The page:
It is so important to focus on a child’s shared life experience. But what do you do when caregivers need a stronger starting point? Adam Nugent and Kate Strong are joined by Rebecca Dutson, president and CEO, and Joni Clark, director of development, from The Children’s Center Of Utah. They provide comprehensive mental health care for young children and their families. Now, more than ever, the need is great. Learn how they are able to help so many in the community, how to know if you may need help with their services, and how you can help be a part of this life-changing organization.
The Children’s Center of Utah provides mental health services for infants, toddlers, pre-schoolers, and their families. In this excerpt, they share where to start if you suspect that your child needs help.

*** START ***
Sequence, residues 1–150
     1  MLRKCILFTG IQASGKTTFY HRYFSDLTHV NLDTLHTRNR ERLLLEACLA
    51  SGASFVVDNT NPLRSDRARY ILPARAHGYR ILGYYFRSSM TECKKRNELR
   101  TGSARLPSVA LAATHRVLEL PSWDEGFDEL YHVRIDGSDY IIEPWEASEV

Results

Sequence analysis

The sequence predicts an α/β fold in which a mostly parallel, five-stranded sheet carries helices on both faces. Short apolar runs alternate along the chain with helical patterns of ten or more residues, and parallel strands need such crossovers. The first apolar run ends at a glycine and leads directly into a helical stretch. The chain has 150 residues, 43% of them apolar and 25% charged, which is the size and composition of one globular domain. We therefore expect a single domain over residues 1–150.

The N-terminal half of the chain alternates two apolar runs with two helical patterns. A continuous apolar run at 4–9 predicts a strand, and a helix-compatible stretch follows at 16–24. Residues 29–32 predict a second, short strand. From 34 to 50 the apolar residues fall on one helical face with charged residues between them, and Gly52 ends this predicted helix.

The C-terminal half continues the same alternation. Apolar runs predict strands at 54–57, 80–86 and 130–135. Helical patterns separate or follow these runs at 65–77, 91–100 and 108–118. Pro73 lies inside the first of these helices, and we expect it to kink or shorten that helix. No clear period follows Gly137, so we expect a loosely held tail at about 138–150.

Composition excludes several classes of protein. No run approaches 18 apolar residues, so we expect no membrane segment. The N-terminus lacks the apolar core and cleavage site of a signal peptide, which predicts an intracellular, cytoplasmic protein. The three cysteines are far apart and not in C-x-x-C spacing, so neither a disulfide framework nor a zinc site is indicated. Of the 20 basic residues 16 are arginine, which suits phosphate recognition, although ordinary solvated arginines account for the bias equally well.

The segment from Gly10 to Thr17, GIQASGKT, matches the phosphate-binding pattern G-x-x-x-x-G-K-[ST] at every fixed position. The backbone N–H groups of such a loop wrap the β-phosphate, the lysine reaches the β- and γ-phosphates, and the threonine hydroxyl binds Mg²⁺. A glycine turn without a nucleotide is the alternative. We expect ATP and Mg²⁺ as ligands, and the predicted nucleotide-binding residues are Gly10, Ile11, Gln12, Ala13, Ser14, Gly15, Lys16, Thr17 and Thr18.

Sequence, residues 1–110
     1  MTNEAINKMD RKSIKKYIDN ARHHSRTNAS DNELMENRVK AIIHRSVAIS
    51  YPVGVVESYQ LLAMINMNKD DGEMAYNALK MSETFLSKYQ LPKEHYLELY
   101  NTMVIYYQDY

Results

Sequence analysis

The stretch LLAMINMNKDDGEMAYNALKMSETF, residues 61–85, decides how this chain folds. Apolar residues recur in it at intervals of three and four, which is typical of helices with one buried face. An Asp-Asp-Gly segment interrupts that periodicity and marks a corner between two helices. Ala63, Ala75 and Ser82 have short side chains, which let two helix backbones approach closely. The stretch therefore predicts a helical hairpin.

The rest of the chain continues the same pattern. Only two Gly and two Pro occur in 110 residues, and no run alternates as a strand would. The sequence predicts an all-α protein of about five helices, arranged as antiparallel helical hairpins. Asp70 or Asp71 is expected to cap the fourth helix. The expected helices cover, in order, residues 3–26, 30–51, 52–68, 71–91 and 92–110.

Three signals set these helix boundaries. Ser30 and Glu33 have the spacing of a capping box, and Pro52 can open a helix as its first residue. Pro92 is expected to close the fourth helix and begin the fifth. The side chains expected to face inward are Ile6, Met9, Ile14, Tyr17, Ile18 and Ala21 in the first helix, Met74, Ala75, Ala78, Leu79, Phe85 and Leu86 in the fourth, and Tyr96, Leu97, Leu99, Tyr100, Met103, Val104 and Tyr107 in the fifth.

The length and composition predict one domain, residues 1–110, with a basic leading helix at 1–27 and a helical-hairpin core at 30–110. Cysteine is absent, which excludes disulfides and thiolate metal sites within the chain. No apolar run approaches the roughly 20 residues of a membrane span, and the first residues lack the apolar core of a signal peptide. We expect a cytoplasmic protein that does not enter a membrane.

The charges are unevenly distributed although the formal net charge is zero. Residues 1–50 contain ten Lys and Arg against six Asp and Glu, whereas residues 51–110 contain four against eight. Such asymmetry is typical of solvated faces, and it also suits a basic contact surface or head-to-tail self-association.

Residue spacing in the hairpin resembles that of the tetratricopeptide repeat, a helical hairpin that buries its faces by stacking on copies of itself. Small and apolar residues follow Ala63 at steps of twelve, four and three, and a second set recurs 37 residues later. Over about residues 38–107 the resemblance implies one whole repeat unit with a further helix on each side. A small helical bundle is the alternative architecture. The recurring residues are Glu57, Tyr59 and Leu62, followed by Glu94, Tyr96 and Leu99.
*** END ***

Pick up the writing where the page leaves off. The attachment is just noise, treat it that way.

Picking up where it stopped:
Listen at Episode 54: A Healing Journey with The Children's Center of Utah - Nugent Good News
AN: So, how would a parent know that it’s time to come connect with you? What are some key indicators to be able to help our listeners know that it’s time to pay attention?
JC: As parents, you’re the best judge of something not feeling exactly right. And it is difficult when they’re little to understand what’s developmentally appropriate and what might indicate that something more is going on. And that’s the point when we say, “Pick up the phone and start with a call to your pediatrician.” Start having that conversation. We receive referrals from all kinds of individuals and organizations that are early childhood providers, including pediatricians. So, a lot of those conversations start in the doctor’s office.
Recognize that maybe the behavior has changed. For example, a child once was very outgoing and engaging with people, and now they’re withdrawn, and they’re withdrawn for a much longer period of time than usual. Or they’re having outbursts that seem to be more intense and lasting for much longer periods. So, all the things that seem out of the ordinary or just not right to you, we’re going to help you tease through that and help you understand and make sense of what’s happening.